Foot-binding Shoes, c.19th century, Chinese, linen, silk, Gift of Mrs. Gertrude Dempster, 1979.4.2.
The ancient practice of foot-binding in some Chinese cultures stirred great controversy until its official abolishment in 1911. Young girls, some as young as three years old, would have their feet bound by either their mother or their grandmother to maintain their miniature quality. In this practice, the small toes are bent under the foot and toward the heel, forcing the arch of the foot upwards. Even though this was a painful process, often the potential of the young girl to marry depended on it. Also referred to as “lotus feet,” feet were shrunk to only three or four inches before the process was considered complete. In one account, a young girl writes that it took her two years to achieve the desired, and at the time, fashionable look. After the initial months, shoes would be switched out every two weeks, getting one- to two-tenths of an inch smaller each time.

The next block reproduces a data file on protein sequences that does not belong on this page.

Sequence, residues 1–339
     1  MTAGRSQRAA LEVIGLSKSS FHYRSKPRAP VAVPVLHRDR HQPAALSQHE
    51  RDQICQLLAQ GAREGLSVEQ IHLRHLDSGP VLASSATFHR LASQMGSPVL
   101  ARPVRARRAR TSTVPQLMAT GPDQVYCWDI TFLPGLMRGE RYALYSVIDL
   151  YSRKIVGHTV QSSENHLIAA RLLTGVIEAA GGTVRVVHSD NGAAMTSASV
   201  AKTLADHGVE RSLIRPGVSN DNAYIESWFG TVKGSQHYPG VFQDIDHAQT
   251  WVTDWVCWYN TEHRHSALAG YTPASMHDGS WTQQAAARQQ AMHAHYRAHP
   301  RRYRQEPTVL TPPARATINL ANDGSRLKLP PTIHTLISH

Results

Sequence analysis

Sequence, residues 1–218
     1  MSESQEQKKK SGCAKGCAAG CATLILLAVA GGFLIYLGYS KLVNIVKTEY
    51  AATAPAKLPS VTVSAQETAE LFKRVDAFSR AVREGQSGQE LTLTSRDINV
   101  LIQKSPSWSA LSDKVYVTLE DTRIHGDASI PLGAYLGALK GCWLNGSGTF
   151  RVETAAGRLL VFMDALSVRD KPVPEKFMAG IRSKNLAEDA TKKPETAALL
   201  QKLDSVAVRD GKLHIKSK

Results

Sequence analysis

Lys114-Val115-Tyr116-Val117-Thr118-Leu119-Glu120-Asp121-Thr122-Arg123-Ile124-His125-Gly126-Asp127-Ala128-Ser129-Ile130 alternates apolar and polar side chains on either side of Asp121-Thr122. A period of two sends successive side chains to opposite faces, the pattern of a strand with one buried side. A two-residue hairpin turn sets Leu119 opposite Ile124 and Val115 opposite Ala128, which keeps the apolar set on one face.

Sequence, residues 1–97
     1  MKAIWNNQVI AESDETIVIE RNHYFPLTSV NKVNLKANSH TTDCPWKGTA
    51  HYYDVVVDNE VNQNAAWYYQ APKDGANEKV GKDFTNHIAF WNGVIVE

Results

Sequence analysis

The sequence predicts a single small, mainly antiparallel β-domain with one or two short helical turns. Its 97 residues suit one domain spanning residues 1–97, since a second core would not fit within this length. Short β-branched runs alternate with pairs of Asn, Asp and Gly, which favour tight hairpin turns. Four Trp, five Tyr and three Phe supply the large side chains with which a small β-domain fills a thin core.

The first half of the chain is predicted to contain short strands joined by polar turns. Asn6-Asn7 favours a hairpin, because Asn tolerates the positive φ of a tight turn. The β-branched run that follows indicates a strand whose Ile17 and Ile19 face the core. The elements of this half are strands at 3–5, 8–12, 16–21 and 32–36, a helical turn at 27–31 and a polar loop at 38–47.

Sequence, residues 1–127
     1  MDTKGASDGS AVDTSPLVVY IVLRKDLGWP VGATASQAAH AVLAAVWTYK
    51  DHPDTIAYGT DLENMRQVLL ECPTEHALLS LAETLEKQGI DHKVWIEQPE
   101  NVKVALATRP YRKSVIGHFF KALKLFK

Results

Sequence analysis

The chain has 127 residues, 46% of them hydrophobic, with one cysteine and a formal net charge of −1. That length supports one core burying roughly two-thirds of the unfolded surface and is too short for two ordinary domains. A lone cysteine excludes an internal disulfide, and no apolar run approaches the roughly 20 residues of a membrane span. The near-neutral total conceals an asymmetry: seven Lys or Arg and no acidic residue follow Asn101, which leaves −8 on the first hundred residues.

By the turn of the 20th century, new ideas were circulating and many ancient traditions were beginning to be phased out. Many mothers began to leave their daughters feet unbound, despite the difficulties the young women may face when finding a husband.